Before the beginning of this hip journey and blog, the only social media that was in my vocabulary was Facebook. In fact, I had no idea what the # symbol meant. I knew it as the pound sign on a phone and ATM machine as well as the number sign on my laptop. I saw friends using it on EVERY (and I mean every) single Facebook post and it seemed extremely redundant to me.
But then, I understood the concept of the hashtag. When that light bulb flashed, I noticed that all my hashtags were related to my hip recovery! They connected me to others experiencing the same life challenges or with those having a shared knowledge of this disorder. #femoroacetabularimpingement #hippreservation #fai #labralreconstruction #hiparthroscopy #patientsuccess
But I came to a conclusion. My life is not a hashtag. My hashtags do not define me. My past hip pain does not define me. Nor do my surgical scars. Nor does the anxiety of this Wednesday’s upcoming spine surgery. Nor do my tears or my laughter. Nor does my stubbornness or my intensity.
But just if, and that is a big IF I was asked to give one hashtag that would represent me in totality, I would have to think long and hard. Of course, the caveat would be that I reserve the right to change it at any time and I reserve the right to explain it when asked.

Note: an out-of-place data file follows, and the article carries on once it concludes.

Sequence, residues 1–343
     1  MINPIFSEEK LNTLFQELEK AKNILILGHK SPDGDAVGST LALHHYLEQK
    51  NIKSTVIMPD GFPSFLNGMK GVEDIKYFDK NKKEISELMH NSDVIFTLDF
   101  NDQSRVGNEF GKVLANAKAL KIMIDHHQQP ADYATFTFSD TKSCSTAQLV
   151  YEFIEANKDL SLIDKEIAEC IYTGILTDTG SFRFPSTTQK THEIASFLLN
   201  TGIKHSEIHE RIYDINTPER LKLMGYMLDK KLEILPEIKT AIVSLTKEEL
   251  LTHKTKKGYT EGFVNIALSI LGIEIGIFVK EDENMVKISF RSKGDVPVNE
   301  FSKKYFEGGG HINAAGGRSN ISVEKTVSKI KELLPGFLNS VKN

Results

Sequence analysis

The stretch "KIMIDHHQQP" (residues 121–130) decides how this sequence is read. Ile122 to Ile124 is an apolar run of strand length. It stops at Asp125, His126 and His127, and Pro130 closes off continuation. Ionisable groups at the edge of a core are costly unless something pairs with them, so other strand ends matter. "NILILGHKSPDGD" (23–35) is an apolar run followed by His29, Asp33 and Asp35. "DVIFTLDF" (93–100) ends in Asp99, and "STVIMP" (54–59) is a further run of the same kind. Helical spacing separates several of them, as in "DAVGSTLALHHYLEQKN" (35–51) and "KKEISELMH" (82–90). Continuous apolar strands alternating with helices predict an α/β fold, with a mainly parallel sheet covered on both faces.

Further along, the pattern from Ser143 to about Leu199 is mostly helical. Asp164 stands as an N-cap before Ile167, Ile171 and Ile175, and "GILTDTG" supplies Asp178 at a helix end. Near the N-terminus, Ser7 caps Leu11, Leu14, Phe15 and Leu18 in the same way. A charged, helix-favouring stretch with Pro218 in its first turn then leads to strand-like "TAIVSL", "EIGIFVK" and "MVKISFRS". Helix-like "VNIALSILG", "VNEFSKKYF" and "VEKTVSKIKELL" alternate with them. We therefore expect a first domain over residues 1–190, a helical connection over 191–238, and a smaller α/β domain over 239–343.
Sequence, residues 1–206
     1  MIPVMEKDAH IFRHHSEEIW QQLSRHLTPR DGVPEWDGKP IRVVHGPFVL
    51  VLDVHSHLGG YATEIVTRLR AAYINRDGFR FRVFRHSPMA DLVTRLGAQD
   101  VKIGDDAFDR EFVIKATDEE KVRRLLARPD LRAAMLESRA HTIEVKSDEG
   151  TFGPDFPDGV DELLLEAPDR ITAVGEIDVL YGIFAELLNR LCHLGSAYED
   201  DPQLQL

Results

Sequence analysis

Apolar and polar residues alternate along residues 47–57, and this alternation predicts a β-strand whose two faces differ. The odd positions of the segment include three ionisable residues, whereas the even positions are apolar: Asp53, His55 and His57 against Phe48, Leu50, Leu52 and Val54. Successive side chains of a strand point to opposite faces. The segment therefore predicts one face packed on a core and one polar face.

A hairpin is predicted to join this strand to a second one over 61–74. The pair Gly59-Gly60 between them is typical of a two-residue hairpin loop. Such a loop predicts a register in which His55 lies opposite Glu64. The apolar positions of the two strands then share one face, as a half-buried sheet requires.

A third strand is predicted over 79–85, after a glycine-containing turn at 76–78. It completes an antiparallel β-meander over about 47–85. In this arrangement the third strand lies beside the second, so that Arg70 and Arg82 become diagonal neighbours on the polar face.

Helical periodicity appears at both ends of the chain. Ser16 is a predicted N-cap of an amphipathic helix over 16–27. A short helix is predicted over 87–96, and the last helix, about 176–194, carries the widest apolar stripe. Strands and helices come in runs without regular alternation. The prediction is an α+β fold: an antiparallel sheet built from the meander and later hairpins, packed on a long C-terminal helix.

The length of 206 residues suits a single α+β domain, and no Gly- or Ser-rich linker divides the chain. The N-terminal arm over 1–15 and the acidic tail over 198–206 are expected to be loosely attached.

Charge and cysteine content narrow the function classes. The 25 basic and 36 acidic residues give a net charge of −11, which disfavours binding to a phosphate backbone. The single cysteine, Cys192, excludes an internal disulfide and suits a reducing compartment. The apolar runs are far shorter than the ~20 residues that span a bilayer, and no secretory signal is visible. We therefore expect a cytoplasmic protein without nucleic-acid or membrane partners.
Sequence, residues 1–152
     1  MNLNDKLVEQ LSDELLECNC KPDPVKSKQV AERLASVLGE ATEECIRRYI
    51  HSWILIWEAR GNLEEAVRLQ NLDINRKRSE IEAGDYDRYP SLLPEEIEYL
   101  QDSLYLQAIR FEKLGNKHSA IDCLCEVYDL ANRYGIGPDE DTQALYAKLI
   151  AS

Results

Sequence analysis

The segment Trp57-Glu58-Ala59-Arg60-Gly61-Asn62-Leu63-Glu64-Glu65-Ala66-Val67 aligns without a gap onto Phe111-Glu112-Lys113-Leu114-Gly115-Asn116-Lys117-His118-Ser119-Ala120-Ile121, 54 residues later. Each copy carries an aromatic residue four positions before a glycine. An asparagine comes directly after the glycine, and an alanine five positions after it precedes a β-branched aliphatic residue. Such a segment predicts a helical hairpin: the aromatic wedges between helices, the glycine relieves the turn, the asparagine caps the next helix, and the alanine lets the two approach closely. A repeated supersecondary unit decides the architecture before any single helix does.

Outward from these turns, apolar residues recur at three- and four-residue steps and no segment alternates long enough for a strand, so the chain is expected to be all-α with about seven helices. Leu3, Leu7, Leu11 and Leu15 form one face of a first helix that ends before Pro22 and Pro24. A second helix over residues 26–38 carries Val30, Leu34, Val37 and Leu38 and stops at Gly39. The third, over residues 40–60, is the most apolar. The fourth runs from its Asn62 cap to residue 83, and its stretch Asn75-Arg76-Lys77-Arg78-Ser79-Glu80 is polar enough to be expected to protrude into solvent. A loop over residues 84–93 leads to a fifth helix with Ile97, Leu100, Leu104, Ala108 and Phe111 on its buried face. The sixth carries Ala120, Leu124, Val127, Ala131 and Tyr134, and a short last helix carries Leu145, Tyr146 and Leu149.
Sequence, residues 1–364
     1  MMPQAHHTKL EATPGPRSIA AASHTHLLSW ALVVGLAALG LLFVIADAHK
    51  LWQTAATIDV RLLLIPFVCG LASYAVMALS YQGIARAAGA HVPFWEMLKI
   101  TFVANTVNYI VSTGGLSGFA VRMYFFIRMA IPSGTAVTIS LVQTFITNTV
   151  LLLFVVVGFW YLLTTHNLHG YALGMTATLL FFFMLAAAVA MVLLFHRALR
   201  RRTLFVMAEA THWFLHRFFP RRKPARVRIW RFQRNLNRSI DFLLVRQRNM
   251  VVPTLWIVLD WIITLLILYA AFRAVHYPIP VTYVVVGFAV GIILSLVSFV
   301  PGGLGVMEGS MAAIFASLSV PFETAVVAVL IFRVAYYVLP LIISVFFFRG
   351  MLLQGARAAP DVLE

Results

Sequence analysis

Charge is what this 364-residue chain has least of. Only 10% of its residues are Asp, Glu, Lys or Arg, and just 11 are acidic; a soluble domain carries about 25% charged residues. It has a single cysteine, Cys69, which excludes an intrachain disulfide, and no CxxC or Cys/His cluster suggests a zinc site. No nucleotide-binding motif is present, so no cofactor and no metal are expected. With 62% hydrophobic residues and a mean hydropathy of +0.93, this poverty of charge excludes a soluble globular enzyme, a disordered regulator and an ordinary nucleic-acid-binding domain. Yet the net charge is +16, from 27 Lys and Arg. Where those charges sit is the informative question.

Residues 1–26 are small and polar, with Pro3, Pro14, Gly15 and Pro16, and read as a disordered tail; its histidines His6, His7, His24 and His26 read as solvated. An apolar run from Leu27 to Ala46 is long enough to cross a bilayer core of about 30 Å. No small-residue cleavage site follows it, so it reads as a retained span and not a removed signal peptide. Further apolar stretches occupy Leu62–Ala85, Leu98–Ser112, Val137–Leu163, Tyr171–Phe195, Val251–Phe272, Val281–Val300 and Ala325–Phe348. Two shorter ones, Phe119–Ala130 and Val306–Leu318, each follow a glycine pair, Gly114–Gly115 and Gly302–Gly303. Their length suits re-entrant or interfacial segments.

So for the current moment, my hashtag is #liquidattitude. You can think of attitude as a negative trait, but I don’t. I see attitude as something that encompasses all of my life experiences, my outlook, my worries, my strengths and my flaws. It encompasses why I react the way I do to certain experiences and challenges. The liquid part of my hashtag just means that it can flow from one state to another.
Sometimes the liquid attitude may be flowing uphill when I’m having a really difficult time with something. Other times, my liquid attitude may flow downhill with speed when I am feeling confident and hopeful.
My attitude last week was fearful, worried, frustrated. Today, I am empowered, hopeful, determined and stubborn. Don’t get in my way. I will stare you down and tell you, “I got this!” Tomorrow, my attitude may change, and it may flow back into fright and weakness which is okay. I just have to remind myself that fluidity is good. It means I’m not stagnant or stuck.
Think about it. If your first response is too easy, think a bit deeper.
“Change your attitude and you change your life. You cannot control what happens to you in your life, but you can always control how you respond to it. The way you choose to respond is a reflection of your attitude. By changing your attitude, you also change your perspective and change your life.” ― Roy Bennett